New York’s objection was part of a Congress-wide reaction against Gitmo detainees coming to the U.S. for any reason, including trial. Lawmakers whipped up a firestorm of hysteria over terrorists being set free in U.S. towns and cities. Since then, there has been no decision on where the trials should be held.
The chance that civilian trials were in the offing grew even remote when Ahmed Ghailani, the first Guantanamo detainee brought to the United States for trial, was acquitted of 284 counts for his role in the 1998 U.S. embassy bombings in East Africa. He was convicted on only one count of conspiracy, and he could face life in prison.
The lack of a “big victory” forced administration officials to conclude that they had to hold detainees such as Mohammed indefinitely while proceeding with a select number of military commissions.
The attorney general said, "I also want to emphasize in the strongest possible terms that on a very personal level and as the person who knows these cases better than anybody, anybody, that this legislation is unwise. It takes away from the Justice Department, from our investigative agencies; it takes away from the American people the ability to hold accountable people who have committed mass murder, people who intended to harm, kill American citizens.''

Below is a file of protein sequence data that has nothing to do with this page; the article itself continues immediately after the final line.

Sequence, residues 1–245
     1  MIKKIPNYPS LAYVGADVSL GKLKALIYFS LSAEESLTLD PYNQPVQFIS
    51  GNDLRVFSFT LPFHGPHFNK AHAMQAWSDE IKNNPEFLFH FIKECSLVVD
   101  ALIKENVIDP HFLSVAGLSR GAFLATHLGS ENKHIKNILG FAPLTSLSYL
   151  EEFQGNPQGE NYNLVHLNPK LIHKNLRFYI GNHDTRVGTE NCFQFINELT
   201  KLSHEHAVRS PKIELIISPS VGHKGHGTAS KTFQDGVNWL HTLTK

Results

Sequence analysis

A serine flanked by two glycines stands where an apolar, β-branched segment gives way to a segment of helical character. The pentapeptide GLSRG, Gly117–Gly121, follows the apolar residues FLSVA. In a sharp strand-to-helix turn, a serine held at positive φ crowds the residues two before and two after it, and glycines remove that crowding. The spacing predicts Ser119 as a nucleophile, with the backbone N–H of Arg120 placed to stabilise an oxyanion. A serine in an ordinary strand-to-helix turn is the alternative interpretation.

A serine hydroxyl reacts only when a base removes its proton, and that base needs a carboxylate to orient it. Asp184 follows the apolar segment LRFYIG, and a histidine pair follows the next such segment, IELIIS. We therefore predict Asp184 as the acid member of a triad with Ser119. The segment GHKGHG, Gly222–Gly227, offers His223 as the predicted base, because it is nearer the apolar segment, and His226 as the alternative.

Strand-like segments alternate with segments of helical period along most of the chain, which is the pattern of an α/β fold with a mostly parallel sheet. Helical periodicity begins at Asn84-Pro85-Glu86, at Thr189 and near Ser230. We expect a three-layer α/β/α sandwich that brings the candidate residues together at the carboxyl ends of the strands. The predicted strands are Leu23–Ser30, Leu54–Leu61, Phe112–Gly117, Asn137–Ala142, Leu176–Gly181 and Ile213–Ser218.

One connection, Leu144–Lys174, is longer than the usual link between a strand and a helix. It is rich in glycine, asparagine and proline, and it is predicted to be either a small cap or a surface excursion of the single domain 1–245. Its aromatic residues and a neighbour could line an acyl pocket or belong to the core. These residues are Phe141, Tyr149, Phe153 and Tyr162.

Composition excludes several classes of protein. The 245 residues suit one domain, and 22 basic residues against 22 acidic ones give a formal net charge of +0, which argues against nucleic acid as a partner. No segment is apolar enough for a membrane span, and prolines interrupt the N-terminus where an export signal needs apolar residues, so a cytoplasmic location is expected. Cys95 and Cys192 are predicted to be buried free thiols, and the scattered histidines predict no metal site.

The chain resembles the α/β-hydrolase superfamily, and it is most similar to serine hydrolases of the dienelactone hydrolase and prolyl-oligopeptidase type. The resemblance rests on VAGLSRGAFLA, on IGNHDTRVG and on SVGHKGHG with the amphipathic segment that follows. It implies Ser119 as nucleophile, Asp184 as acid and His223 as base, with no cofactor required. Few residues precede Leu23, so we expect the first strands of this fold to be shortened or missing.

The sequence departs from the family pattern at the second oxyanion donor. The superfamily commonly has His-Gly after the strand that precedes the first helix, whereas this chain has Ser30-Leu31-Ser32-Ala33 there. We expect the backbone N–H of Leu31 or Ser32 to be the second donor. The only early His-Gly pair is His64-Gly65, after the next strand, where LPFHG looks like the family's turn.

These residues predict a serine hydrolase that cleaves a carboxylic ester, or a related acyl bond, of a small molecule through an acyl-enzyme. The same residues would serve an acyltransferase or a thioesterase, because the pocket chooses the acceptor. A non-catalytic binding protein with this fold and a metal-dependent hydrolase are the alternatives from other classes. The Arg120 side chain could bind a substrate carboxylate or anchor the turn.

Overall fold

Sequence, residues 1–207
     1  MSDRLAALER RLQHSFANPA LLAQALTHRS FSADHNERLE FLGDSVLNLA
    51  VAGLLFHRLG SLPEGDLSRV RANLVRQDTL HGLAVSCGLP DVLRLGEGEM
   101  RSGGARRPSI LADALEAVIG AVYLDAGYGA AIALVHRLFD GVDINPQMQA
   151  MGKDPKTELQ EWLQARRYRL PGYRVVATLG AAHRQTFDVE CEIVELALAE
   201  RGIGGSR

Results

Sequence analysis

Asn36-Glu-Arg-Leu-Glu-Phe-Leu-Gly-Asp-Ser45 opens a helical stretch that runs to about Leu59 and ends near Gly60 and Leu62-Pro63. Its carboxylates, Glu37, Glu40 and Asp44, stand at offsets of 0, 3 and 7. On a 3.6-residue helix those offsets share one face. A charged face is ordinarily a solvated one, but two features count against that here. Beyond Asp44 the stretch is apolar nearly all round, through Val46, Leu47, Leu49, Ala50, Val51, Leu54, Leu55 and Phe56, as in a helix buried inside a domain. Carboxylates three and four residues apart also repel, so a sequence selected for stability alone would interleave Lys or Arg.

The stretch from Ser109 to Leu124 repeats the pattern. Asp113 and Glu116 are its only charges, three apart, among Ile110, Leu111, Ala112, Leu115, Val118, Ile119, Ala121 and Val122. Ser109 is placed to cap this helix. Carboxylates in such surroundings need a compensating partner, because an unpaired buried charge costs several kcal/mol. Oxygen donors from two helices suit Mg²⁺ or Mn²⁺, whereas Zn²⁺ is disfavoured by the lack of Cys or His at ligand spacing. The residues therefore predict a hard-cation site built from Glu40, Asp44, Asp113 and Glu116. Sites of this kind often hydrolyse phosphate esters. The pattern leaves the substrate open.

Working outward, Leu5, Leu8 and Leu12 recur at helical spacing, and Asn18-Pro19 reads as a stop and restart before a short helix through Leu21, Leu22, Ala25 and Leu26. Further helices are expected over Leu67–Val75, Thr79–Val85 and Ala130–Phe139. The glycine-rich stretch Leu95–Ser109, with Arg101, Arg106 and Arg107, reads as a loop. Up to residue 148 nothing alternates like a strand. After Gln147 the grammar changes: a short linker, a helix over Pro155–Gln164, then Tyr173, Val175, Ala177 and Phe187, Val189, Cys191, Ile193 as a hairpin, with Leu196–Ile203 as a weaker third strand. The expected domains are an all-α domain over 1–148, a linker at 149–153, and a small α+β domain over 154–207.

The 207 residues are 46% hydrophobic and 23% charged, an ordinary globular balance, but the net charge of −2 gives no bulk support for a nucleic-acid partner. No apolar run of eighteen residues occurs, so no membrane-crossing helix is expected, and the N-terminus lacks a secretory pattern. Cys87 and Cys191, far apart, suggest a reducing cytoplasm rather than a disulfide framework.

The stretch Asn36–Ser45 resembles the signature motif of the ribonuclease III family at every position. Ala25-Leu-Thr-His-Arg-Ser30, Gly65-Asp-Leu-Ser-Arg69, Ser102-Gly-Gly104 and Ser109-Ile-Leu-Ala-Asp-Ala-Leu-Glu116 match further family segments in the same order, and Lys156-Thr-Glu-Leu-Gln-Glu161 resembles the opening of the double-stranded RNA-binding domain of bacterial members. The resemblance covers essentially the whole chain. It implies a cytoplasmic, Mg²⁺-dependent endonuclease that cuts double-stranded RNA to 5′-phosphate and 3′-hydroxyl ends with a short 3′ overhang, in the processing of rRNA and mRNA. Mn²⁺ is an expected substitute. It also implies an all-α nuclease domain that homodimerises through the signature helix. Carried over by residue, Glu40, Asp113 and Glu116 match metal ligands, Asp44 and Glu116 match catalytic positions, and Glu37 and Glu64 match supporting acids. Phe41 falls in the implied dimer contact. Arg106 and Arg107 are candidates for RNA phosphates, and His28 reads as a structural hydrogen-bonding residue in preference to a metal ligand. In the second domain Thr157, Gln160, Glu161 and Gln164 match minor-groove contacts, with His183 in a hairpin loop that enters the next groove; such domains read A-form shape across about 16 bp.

There are 173 detainees still at GITMO, including three who have been convicted or have reached plea deals with the Military Commissions. There are 89 who have been cleared for release but who have not been released for a variety of reasons. In some cases, countries have not been identified who are willing to take them. Fifty-eight of those remaining are from Yemen; all transfers to that country have been shut down since a Yemeni-trained Nigerian tried to blow up an airliner over Detroit last Christmas day.
An undetermined number of prisoners are slated to be tried by Military Commissions. Assuming all of this occurs, there will still be a group of prisoners who authorities deem “too hard to try, too dangerous to release.” These are the men who can look forward to indefinite detention without charge, although, for many of them, the reason they cannot be tried is that evidence against them was obtained through torture or other “enhanced interrogation techniques” during the George W. Bush Administration.